Tag Archives: language change

Evolutionary biology, mathematical models and language study – an unexpected mix

Language is an inherited system of information – we inherit the language of our parents in much the same way that we inherit their genes …

And why is that useful? Because we can use language to study questions about human history. That’s what the Radio 4 programme Material World discussed on 28 February 2013.

Evolutionary biologists at Reading University have been looking at the language of Homer’s Iliad so they could work out exactly when it was written.


So what did they do?

  • they looked at the many different copies of The Iliad to put together an ‘original’ version of Homer’s oral poem
  • they compared the vocabulary and turns of phrase with Modern Greek
  • they studied the rate of replacement of two hundred common words (e.g. body parts, colours, family relationships, pronouns, numbers)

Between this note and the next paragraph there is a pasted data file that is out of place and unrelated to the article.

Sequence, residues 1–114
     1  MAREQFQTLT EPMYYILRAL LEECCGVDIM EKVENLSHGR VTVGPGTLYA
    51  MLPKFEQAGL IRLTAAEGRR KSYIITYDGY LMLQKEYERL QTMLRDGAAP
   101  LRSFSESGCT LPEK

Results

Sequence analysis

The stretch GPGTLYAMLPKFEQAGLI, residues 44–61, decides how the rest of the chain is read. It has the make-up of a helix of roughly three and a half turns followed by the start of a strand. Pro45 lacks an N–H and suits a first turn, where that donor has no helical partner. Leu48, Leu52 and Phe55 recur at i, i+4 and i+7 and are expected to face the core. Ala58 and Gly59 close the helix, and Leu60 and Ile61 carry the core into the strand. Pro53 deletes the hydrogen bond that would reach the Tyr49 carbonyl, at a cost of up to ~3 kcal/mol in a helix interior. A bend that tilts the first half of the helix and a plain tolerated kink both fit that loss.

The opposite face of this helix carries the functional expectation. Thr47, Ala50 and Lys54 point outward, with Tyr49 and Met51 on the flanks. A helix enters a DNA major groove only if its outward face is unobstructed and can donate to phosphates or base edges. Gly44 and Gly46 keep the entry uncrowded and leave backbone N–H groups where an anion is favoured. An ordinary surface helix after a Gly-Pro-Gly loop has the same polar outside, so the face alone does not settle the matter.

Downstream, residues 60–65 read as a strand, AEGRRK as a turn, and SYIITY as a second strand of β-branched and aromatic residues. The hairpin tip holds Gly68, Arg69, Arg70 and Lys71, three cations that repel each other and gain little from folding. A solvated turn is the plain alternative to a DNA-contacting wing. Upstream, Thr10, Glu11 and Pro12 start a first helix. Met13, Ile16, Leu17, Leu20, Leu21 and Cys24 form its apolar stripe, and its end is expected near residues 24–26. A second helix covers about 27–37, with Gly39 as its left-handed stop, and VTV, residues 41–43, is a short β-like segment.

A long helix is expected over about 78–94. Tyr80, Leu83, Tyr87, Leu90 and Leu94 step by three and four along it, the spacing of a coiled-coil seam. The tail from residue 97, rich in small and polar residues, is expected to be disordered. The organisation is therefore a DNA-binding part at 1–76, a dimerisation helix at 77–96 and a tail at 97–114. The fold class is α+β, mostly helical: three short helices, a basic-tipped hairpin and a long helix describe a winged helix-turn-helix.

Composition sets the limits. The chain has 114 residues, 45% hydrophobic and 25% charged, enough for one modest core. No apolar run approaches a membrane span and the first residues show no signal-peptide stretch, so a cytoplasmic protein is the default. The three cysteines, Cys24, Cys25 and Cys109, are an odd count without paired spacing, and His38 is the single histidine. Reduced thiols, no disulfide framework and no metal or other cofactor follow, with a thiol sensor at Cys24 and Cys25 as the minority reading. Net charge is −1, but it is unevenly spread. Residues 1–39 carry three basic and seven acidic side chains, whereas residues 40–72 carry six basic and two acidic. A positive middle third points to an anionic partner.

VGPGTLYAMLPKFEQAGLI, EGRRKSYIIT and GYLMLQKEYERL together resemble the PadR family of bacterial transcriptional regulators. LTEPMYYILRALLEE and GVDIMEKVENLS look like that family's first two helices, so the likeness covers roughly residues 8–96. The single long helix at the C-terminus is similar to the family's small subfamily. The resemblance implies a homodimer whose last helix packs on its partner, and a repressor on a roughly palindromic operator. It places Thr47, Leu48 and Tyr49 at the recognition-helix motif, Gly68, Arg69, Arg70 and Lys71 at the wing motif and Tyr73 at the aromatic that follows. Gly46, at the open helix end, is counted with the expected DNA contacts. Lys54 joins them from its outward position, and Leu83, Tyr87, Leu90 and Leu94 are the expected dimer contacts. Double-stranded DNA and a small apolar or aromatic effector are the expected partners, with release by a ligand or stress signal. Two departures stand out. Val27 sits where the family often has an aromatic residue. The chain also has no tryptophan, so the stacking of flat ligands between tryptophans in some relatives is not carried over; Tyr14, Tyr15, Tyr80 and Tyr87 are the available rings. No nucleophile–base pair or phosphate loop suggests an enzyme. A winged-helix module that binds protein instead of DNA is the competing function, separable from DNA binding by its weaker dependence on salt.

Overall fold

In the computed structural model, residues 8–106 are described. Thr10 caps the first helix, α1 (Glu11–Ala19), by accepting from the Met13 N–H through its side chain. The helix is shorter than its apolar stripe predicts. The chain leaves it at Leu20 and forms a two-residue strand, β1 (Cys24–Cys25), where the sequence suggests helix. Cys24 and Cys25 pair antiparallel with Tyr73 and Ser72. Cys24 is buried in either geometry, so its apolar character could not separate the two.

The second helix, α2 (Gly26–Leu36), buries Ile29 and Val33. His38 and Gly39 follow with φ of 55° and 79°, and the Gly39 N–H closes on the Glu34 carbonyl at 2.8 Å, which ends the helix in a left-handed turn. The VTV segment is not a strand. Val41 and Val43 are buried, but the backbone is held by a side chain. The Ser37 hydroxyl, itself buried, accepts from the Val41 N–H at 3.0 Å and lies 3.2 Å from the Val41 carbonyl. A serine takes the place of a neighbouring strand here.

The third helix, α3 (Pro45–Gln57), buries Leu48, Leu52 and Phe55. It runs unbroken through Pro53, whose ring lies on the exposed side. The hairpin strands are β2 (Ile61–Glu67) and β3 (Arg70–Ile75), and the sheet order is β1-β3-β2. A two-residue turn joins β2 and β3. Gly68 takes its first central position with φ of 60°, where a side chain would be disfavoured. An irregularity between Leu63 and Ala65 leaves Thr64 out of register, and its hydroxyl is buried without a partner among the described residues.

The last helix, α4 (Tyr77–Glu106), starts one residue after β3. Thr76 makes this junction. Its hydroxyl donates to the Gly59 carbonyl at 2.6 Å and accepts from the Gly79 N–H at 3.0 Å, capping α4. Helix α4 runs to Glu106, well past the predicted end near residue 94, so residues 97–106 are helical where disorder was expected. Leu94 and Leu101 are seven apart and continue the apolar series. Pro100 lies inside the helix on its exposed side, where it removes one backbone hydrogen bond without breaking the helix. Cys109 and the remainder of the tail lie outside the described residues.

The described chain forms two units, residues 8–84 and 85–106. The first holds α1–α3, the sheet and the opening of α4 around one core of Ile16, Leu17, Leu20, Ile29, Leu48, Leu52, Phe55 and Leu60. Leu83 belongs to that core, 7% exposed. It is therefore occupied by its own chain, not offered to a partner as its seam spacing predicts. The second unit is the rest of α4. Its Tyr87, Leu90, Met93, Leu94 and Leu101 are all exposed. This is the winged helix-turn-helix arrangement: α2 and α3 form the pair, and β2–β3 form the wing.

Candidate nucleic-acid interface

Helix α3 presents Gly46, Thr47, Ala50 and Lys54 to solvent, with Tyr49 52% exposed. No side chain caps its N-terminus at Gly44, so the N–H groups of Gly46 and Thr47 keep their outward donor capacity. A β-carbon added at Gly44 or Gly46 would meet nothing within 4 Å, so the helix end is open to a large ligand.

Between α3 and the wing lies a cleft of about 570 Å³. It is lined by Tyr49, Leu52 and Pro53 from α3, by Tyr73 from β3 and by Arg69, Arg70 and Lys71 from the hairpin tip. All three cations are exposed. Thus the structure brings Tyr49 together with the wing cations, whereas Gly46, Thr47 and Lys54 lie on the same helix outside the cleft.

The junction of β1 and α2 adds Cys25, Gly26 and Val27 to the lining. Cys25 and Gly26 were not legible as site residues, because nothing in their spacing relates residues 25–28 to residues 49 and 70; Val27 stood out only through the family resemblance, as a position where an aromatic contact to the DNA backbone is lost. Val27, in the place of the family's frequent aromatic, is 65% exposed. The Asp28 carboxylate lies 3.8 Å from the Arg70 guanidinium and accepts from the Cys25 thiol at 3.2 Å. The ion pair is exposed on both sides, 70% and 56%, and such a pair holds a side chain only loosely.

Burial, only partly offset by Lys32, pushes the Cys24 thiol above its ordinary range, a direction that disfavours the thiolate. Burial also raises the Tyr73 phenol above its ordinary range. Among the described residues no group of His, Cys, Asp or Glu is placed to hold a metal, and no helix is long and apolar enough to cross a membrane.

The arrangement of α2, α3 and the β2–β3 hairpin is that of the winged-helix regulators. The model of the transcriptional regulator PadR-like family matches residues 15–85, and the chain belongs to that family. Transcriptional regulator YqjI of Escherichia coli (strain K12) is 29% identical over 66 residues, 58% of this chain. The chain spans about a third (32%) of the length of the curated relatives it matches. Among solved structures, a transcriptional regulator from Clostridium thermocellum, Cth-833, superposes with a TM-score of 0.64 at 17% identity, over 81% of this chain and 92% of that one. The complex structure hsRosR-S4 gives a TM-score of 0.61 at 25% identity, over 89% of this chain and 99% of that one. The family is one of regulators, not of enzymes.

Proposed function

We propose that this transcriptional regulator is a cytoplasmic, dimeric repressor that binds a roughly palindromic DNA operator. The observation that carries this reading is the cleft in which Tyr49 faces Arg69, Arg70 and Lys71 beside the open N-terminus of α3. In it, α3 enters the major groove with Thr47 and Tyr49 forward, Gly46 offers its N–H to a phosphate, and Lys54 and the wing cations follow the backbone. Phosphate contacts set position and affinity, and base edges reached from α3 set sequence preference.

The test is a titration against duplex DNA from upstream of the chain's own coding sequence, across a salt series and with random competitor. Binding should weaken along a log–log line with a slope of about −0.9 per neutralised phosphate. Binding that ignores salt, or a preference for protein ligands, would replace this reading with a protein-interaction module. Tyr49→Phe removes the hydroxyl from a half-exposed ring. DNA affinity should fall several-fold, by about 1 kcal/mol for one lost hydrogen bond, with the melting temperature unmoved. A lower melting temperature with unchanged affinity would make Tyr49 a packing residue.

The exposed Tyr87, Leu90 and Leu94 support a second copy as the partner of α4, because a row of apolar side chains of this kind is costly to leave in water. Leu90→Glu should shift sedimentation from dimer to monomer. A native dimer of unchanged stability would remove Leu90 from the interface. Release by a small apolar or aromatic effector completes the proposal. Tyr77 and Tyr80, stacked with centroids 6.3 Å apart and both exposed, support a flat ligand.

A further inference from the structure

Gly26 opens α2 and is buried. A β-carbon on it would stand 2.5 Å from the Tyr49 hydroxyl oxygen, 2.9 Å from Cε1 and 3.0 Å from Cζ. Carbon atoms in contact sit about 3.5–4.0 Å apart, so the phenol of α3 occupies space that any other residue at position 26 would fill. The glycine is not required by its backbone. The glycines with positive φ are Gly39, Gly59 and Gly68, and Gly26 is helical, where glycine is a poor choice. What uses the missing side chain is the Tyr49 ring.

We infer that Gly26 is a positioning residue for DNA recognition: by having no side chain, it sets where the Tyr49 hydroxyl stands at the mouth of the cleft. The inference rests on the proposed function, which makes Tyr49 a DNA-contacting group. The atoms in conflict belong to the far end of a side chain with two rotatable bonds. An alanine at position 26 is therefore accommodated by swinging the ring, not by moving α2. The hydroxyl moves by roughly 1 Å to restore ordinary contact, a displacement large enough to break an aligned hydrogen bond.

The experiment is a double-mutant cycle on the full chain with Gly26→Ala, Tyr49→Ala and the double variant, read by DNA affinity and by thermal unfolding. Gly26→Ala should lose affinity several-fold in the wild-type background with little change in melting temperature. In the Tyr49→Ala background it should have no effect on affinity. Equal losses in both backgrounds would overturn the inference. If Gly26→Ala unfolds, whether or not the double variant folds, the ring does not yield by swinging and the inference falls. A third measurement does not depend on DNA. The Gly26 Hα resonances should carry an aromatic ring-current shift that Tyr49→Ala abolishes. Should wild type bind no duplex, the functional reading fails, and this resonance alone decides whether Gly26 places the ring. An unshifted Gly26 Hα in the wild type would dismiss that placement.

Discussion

Using their mathematical model, they found that closed class words evolved slowly and open class words more quickly. 

To find out more – including a ‘precise’ date for Homer’s poem – use the link below :

Scroll through to 22:11 to find the start of the discussion.

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The Death of Cromarty

How many people noticed the end of Cromarty, a fisherfolk dialect? 12065731951765855270johnny_automatic_New_England_fisherman.svg.medFortunately, a researcher collected examples of Cromarty dialect words and recordings were made of the language before the death of its last native speaker in October 2012.

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Should we make concerted efforts to ensure the survival of minority languages? Or should they be left as charming relics of a by-gone age in a world where language is increasingly homogenised by our use of electronic media?

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